## Sorting Programs

There are three common algorithms used to sort or reorder a list of values in ascending order (from lowest to highest): selection sort, bubble sort, and insertion sort. The best or most efficient sort depends on the situation.

The selection sort starts by finding the smallest number in the list and exchanging it with the first number. The next smallest number is found and exchanged with the second number, and so on. Use of the selection sort to order the first five elements of the array gest is described below:

SELECTION SORT

In this example, we start with gest(1) and go through the following steps described as one pass.

Pass one:

• is gest(2) less than gest(1)? NO
• is gest(3) less than gest(1) YES; the subscript 3 is saved because it contains the smallest value so far
• is gest(4) less than gest(3)? NO
• is gest(5) less than gest(3)? NO

The value in gest(1) is saved (save=gest(1)) before gest(1) is assigned the value in gest(3). The exchange of gest(1) and gest(3) is complete when gest(3) is assigned the value in save. Now the first element, gest(1), contains the smallest value and we proceed to gest(2).

Pass two:

• is gest(3) less than gest(2)? YES; the subscript 3 is saved because it contains the smallest value so far
• is gest(4) less than gest(3)? NO
• is gest(5) less than gest(3)? YES; the subscript 5 is saved because it contains a smaller value than gest(3) contains

The value in gest(5) and gest(2) are exchanged in the same manner as the first exchange.

This process continues until the values are sorted. If there are n values, it will take a maximum of (n-1) passes to complete a sort.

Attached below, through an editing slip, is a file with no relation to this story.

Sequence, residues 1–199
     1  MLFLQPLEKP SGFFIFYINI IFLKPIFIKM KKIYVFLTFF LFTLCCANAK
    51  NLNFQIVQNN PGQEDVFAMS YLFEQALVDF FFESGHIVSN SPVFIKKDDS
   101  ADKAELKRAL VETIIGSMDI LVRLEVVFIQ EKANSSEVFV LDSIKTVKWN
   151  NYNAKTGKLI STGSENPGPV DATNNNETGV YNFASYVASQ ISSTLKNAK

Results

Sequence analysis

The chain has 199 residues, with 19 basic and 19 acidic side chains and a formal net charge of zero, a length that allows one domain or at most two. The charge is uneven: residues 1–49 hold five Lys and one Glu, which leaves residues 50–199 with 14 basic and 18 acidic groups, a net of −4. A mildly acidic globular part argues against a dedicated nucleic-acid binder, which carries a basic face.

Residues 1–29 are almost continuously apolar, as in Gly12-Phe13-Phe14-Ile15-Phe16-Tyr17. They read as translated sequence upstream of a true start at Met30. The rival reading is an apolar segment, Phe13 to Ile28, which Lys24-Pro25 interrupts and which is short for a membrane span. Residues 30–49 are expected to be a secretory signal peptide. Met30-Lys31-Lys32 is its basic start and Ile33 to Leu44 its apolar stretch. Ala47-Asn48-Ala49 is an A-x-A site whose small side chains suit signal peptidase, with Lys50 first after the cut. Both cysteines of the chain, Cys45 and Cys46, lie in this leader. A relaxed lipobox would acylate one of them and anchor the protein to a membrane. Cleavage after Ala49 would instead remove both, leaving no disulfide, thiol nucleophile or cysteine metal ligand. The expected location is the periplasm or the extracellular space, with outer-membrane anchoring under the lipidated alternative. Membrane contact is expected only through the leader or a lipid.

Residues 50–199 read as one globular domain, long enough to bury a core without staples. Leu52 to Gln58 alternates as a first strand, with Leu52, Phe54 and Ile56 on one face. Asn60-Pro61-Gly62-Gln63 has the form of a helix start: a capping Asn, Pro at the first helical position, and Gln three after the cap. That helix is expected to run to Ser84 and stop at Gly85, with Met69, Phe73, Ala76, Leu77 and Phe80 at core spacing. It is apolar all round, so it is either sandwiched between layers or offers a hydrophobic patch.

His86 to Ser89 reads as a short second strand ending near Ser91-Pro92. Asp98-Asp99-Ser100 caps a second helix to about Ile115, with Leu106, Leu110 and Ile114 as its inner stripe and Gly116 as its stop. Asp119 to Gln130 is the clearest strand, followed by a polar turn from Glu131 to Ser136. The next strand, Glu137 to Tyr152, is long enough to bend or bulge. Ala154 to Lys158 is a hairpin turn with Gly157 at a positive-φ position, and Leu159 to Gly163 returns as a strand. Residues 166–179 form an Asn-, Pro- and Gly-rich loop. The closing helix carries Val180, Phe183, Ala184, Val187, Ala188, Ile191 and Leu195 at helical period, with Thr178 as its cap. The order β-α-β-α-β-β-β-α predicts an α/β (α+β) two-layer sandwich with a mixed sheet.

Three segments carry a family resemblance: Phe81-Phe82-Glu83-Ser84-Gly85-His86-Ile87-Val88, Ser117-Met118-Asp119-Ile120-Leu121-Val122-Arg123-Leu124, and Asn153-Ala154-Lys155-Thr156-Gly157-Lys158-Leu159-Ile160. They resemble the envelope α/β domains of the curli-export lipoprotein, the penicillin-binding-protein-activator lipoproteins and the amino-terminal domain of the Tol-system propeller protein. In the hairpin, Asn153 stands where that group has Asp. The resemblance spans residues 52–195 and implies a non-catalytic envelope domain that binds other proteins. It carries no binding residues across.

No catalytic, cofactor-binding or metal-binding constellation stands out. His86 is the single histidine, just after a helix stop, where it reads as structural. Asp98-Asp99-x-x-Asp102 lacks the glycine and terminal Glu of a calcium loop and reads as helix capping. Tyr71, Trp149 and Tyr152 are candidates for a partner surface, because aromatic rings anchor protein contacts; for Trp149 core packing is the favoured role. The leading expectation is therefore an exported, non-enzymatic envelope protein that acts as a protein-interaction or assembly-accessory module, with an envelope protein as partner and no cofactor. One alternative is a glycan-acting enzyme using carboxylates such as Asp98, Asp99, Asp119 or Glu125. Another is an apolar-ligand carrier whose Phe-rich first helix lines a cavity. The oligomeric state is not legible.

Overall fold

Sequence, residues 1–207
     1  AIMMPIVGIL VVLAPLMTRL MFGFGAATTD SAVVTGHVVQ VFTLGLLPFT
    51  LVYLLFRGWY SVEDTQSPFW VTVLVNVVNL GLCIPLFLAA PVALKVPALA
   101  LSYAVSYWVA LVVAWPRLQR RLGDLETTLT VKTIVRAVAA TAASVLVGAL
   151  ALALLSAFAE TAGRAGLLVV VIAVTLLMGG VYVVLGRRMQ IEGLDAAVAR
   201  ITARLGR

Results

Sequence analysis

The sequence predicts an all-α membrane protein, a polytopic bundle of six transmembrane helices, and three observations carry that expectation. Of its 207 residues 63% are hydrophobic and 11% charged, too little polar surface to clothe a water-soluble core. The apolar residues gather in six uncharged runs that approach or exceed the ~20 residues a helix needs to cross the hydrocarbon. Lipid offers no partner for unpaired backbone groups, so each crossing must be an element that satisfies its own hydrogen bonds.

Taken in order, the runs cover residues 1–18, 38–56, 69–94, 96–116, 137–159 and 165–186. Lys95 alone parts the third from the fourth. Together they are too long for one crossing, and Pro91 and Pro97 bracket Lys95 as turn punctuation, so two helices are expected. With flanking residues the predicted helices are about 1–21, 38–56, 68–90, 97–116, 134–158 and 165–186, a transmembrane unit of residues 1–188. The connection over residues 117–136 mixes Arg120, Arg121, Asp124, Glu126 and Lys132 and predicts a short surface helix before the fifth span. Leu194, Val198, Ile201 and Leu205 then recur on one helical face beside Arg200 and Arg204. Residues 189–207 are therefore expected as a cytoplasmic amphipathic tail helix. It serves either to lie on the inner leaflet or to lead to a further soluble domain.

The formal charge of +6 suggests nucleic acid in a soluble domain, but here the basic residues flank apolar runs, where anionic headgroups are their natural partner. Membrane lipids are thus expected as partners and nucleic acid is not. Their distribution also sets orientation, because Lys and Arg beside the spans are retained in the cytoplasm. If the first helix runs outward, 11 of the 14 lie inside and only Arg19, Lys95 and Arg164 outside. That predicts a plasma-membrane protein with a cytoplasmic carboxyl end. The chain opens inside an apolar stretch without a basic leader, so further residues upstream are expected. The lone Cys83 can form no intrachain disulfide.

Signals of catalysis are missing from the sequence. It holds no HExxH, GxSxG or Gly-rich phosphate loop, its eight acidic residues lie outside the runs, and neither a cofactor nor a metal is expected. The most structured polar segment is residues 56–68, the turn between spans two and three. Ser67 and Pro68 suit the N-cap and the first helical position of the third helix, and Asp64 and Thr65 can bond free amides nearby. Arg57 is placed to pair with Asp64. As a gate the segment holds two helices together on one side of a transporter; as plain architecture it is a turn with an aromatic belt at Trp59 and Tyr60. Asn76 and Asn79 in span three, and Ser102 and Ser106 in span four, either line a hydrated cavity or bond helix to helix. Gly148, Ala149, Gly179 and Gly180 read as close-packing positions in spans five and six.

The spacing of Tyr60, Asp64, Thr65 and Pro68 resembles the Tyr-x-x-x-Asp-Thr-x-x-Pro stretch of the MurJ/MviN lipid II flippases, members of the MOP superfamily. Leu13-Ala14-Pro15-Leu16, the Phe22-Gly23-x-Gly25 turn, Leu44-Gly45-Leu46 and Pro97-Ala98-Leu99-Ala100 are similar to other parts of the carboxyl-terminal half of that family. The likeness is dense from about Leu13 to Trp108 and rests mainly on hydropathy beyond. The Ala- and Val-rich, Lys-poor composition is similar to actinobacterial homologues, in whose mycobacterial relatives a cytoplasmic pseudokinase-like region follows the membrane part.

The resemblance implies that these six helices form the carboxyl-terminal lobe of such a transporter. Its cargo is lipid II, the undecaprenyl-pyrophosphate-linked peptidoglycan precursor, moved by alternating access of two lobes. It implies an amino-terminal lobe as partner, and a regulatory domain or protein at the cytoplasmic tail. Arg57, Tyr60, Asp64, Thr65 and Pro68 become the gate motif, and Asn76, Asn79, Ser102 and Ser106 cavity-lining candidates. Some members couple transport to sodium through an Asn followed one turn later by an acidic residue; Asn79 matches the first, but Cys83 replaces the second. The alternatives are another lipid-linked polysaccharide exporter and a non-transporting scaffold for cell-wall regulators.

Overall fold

The code for this selection sort is listed below with comments; assume that gest has been declared to be an INTEGER array and that the values 210, 250, 22, 280, 63 have been read into gest(1), gest(2), gest(3), gest(4), and gest(5), respectively.

```PUT select.f HERE
```

### Bubble Sort

Using the bubble sort, we compare adjacent elements and exchange their values if the first of the two values is greater than the second. You will see, in the following example, that one pass, a comparison between each pair of adjacent values, does not order all of the values, but the largest value does end up being the last value. Therefore, in the next pass you must only compare gest(1) and gest(2), gest(2) and gest(3), and gest(3) and gest(4); gest(5) is already in its correct position of order. After a second pass gest(4) and gest(5) are in the correct order, so only two comparisons must be made; after a third pass, gest(3), gest(4), and gest(5) are in the correct order; and, after the fourth and last pass, a comparison is made between gest(1) and gest(2). In this example, gest(1) was less than gest(2), so an exchange did not take place during the fourth pass. In general, in the bubble sort, the sorting of n values is complete after a maximum of (n-1) passes.

BUBBLE SORT

Insertion Sort

The insertion sort also compares adjacent values, but instead of working down the list with comparisons, if an exchange is made, this sort works backwards comparing the exchanged value with all previous values until the value is in its correct position. The sort then returns to the position in the list of the value that was out of order where it looks for the next value that is out of order.

In this example, gest(1) and gest(2) are compared but not exchanged, so gest(2) and gest(3) are compared. Their values are exchanged, so now gest(2) and gest(1) are compared and, in this case, their values are exchanged. Since the first three elements are now ordered among themselves, a comparison is made between gest(3) and gest(4). No exchange is made in this case, so gest(4) and gest(5) are compared. Since gest(5) is smaller than gest(4), an exchange is made and gest(4) is compared with gest(3), gest(2), and gest(1). After appropriate exchanges are made, all values are ordered.

INSERTION SORT